$170m windfall for health sector as ARV prices fall

THE decline in prices of anti-retro viral (ARV) drugs globally has seen Zimbabwe enjoying the flexibility of channelling the over $170 million provided by the Global Fund towards other critical interventions against HIV and Aids as well as tuberculosis.


Global Fund country co-ordinator Oscar Mundida told legislators in Gweru over the weekend that due to the decline in prices of ARV drugs, the country would benefit $170m for the coming four years, which it seeks to channel towards other key population areas.

“From the current grant, we have realised savings of $178 million and from the $406 million we are going to receive, it means we are going to use about $200m or so. The issue is, this money (savings) must go towards priority areas, but we then need to re-prioritise,” he said.

The Global Fund sources money from the donor community for the fight against HIV and Aids as well as TB, among other related diseases.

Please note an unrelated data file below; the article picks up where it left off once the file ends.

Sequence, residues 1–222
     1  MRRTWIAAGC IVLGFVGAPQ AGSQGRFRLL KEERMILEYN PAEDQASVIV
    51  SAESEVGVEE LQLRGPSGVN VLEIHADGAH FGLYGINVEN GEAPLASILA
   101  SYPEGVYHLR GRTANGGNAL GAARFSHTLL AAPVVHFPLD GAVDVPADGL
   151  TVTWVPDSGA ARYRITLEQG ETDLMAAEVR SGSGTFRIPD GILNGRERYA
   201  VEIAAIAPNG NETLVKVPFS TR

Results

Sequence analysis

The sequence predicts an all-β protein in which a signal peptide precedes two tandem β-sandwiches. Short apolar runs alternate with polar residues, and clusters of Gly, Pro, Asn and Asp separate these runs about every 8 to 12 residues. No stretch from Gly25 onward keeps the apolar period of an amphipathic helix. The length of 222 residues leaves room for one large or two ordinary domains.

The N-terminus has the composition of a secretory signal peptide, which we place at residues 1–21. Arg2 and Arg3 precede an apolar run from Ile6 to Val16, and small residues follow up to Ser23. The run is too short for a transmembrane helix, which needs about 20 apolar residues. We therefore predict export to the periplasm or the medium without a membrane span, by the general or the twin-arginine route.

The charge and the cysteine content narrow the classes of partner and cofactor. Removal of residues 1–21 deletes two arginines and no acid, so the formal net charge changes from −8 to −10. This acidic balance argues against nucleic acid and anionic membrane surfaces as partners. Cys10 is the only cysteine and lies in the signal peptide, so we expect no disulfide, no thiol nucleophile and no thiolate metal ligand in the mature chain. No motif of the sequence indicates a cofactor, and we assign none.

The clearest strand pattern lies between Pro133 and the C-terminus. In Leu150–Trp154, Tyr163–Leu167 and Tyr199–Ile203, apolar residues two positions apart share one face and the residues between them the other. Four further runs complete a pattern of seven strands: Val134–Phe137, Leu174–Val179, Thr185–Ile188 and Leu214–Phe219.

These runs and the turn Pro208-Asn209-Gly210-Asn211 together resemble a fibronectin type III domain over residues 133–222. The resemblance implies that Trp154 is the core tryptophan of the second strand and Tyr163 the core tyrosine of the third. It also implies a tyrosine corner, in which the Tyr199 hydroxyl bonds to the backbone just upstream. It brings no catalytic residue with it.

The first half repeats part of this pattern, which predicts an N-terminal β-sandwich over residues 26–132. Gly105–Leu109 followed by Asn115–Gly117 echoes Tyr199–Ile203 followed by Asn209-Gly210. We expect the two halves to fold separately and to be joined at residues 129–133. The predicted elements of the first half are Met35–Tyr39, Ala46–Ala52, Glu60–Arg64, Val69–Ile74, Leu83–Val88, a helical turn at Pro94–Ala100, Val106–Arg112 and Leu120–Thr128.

Under the Global Fund, over 700 000 people receive HIV and Aids treatment, with the rest being catered for by other sources that include the national aids levy, which is managed by government through the National Aids Council (NAC).

Zimbabwe has been praised for putting in place sound policies in mitigating the spread of the virus, but the country faces a tough task in curbing the spread of the virus among sex workers and prisoners, whose HIV prevalence rate is as high as 60% and 28% respectively.

On average, the country’s prevalence rate declined from 18% to 14% in the last decade and this has been attributed to efforts by government through NAC and its funding partners such as Global Fund and other donor agencies.

Legislators were, however, left divided on how the money realised from the drop in prices could be used, with some calling for adoption of safe abortion, while others said the money should go towards the procurement of condoms for gays and lesbians, as they were not catered for in the mainstream resource supply chain.


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